A number of barriers exist to investment in Cameroon, including a weak business environment and a much smaller new-vehicle market relative to regional neighbours. However, a developing middle class and expectations for growth in fixed investment support our optimistic forecast for the autos sector.
We have upgraded our forecast for 2015 vehicle sales to 15.0% (versus 7.5% previously) on the back of stronger private consumption in Cameroon. Our Country Risk team forecasts growth in private consumption to pick up to 6.5% in real terms in 2015 following estimated growth of 5.3% in 2014. While the country is much poorer per capita than other thinly populated states in Africa, its middle class population is slowly developing. At the same time, the substantial decline of global crude oil prices since June 2014 and our Oil & Gas team's forecast for Brent crude to remain subdued support our optimistic forecast. Low interest rates, which we expect to come in at 2.50% by end-2015, will lend marginal support to vehicle sales. Over the 2015-2019 period, we forecast auto sales to grow at an annual average of 10.0%, which will see sales reach 6,042 units in 2019.
We forecast fixed capital investment to grow at an average rate of 7.2% over the 2015-2019 period. This will boost demand for commercial vehicles (CVs). Capital-intensive drivers of headline growth are unlikely to employ many Cameroonians, and since so many of the new mega-projects are foreign owned, we do not anticipate them having a major impact on domestic consumption. Instead, we believe job growth - a key driver of private consumption growth - will come from growth in the retail and telecoms sectors, as well as some agriculture segments.
A marked uptick in infrastructure spending (with the government increasingly turning to China in its development efforts) and construction projects shows potential not just for CV demand, which often correlates with infrastructure investment, but also for the improvement of the country's roads to accommodate increased vehicle use. Road transport accounts for around 70% of the country's transport network but is severely constrained by the poor state of the roads.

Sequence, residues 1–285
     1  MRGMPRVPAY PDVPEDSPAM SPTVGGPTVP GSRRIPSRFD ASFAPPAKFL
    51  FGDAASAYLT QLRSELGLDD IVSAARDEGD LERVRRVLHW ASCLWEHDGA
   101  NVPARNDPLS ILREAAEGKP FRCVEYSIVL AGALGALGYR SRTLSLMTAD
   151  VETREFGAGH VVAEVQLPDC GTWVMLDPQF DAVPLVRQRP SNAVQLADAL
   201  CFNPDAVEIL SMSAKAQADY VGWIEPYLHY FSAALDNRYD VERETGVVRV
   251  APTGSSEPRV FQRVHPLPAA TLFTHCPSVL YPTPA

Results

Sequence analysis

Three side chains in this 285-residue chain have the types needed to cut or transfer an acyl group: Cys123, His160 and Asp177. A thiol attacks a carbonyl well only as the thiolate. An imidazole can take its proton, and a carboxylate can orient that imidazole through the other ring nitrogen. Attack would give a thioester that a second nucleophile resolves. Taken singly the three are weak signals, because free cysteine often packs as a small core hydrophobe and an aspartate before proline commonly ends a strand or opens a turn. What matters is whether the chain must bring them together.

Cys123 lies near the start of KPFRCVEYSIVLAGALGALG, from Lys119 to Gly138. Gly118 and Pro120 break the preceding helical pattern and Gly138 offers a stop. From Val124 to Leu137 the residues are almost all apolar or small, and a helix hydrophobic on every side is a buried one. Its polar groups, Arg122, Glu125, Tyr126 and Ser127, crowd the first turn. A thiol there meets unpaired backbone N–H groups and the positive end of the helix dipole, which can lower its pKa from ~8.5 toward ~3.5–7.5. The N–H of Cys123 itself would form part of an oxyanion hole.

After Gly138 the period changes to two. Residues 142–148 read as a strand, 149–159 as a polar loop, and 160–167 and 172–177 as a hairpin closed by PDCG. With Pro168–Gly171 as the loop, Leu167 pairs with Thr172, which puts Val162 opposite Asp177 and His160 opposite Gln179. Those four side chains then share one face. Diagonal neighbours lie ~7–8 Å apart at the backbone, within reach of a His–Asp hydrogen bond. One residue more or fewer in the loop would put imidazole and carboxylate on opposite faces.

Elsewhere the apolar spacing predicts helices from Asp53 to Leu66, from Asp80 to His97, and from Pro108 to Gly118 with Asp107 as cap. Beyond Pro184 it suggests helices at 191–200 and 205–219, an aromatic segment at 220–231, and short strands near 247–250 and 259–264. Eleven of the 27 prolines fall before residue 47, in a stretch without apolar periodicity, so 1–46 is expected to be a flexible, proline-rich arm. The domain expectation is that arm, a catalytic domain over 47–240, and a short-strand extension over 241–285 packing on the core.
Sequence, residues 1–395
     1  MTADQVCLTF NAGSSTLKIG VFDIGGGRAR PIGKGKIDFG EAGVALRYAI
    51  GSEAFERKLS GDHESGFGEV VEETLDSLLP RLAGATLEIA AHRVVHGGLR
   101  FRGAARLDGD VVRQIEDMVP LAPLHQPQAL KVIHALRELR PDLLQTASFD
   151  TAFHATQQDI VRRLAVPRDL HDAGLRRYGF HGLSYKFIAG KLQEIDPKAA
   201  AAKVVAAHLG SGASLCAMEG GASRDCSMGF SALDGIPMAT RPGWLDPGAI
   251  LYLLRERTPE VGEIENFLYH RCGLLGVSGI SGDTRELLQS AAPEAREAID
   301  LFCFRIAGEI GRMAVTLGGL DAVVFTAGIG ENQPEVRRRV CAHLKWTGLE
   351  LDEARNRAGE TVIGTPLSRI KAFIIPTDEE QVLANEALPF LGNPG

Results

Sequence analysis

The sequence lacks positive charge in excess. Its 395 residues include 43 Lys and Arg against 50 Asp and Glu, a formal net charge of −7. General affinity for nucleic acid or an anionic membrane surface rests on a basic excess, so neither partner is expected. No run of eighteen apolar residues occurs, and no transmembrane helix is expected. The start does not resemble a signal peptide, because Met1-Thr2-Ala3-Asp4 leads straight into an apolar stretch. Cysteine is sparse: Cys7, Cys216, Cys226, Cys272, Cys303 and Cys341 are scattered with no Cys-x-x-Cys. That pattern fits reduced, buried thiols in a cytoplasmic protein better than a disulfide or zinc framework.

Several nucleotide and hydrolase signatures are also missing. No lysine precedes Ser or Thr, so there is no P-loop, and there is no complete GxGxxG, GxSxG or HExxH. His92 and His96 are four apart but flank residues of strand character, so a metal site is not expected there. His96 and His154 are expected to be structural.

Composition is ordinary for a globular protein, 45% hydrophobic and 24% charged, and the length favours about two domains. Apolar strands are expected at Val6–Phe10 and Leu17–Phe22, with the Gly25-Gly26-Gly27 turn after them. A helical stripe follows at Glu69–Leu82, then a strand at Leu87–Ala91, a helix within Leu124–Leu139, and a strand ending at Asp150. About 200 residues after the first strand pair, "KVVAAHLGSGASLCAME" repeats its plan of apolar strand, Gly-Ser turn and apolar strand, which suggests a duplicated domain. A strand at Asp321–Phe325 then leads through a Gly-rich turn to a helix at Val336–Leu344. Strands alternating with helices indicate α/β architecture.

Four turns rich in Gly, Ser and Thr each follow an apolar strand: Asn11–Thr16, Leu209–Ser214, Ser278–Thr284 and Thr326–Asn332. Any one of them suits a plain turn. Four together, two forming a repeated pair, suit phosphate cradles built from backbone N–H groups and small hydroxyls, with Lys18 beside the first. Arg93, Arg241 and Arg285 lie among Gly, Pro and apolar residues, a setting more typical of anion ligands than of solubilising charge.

BMI believes a number of barriers exist to investment in Cameroon and we are doubtful on the likelihood of the completion of several projects. Indeed, the country suffers from a weak business environment, consistently scoring near the bottom of business indices, such as those produced by the World Bank and the World Economic Forum. To an extent, this is due to weak infrastructure and overly burdensome regulations, so the country may improve its standing over the next 10 years. However, infrastructure is already a relative strength for Cameroon on a regional basis, mitigating the potential gains. Also holding down the business climate is widespread corruption and weak rule of law. With little likelihood of an upheaval in the ruling political class, we see few prospects for fundamental reform in these areas.
Additionally, Cameroon's new vehicle market is a fraction of the size of some of its larger regional neighbours, but its growth rate picked up significantly in 2013. Vehicle ownership is still low by regional standards and is expected to remain below 15 vehicles per 1,000 people over our five-year forecast period to 2019, which suggests there is not the same level of middle-class development as in some of the bigger Sub-Saharan African markets. Several economic episodes have reduced demand for new cars in favour of cheaper second-hand alternatives. These include the economic crisis of the 1980s, the franc's devaluation and the reduction in civil servant salaries in the 1990s.